3 steps to add value to ecommerce localization
Language is and always will be one of the key ways of breaking into a new market.
Companies working in the ecommerce realm rightly have their eyes on global expansion, as they recognize there is great potential in tapping into new territories when seeking to grow a business.
Indeed, figures from eMarketer show that worldwide business-to-consumer ecommerce sales are expected to reach $1.5 trillion in 2014, which represents an increase of 20.1 per cent year-on-year.
With the majority of the growth expected to come from online and mobile users in emerging markets, it’s clear firms need to consider localization if they want to maximize their chances of success.
As 60 per cent of consumers only buy from websites in their own language, strategies based around single language sites are simply no longer an option.
We’ve covered some of the basics of making multilingual websites and what you should consider when it comes to website localization before, but what else can companies do to make sure they enjoy ecommerce success?
User generated content
Online reviews have become an important platform for businesses looking to convince consumers to make a purchase. Research by Dimensional Research found that nine-in-ten online shoppers were influenced by a positive review, while 58 per cent were more likely to share reviews than five years previously. Anything that increases buyer confidence should be welcomed, and so companies should make sure impressive reviews are translated into all of the languages of the markets they are targeting. But make sure this is done by an expert, as no one wants to see reviews accidentally mistranslated and end up with the wrong impression being created.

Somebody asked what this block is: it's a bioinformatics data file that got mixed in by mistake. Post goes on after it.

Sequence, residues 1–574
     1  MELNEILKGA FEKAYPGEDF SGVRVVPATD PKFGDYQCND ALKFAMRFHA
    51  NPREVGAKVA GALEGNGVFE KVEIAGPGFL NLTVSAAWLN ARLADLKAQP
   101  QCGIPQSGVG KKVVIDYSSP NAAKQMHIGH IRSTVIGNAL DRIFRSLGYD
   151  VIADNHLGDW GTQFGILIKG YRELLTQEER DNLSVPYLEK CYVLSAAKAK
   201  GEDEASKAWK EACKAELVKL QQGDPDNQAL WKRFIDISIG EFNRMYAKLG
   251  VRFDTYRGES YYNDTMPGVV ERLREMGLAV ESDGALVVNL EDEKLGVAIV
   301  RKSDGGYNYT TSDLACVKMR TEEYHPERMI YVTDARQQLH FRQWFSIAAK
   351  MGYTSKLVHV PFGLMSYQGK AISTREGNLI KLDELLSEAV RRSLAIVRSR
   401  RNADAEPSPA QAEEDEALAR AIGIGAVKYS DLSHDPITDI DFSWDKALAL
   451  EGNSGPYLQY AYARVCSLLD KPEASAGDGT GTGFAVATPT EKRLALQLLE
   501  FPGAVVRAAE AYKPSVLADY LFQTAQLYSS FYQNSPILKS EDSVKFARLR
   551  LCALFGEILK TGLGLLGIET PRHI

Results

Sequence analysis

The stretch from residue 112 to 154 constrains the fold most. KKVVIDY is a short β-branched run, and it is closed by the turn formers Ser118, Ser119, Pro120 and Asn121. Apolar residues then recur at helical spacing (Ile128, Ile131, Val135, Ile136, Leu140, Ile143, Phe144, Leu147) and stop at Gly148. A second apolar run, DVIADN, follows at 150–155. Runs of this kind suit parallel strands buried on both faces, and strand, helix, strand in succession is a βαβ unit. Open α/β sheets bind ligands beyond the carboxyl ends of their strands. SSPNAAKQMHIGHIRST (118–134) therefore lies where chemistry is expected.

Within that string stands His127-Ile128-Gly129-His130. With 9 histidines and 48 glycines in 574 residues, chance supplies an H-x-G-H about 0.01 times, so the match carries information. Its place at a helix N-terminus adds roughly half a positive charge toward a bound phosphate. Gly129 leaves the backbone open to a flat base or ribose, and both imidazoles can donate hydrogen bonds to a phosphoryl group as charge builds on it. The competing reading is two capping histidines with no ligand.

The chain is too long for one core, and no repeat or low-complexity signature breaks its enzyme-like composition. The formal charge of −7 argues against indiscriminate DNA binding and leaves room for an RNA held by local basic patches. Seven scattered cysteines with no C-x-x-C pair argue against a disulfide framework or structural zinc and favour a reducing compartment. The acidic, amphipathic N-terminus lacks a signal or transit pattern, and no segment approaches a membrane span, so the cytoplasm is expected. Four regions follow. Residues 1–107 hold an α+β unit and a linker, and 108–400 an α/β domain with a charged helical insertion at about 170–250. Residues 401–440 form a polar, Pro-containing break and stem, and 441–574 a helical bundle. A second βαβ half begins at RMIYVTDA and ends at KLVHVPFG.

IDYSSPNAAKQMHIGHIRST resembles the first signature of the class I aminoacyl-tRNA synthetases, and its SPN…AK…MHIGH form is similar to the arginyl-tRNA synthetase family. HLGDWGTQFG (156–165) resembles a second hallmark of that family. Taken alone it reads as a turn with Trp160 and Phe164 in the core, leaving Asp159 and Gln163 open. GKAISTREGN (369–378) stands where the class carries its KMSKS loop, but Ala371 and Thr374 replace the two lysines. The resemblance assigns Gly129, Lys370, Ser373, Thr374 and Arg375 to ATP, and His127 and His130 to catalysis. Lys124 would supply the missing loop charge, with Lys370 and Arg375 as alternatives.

Consider how to use technology
There are plenty of technology options for building ecommerce sites. For example, Web 2.0 applications, dynamic ecommerce portals, HTML5, Flash and other rich media can all be used to make your company stand out. At the heart of this process is choosing technology that allows your strategy to be scalable, as sites will often need to be updated as new products are added or branding is overhauled. This also means having access to high quality linguists. You should also be using a global-ready content management system that offers supports for all targeted languages.
Customer service best practice
Creating ecommerce websites in various languages will aid your global efforts, but good customer service will always be a bedrock for long-term success. If brands do not appear to be reachable, this will put some people off. Order status updates, shipping notifications and feedback should all be translated into the purchaser’s language standard, or else customers could be left unmoved by their whole shopping experience. Loyalty campaigns can also be created that take into account local conditions. For example, the cost of upfront VIP memberships, such as those employed by Amazon Prime, can be altered depending on the wider economic circumstances of the country.
Want to find out more about ecommerce localization? Find out how we helped Agoda with its market expansion.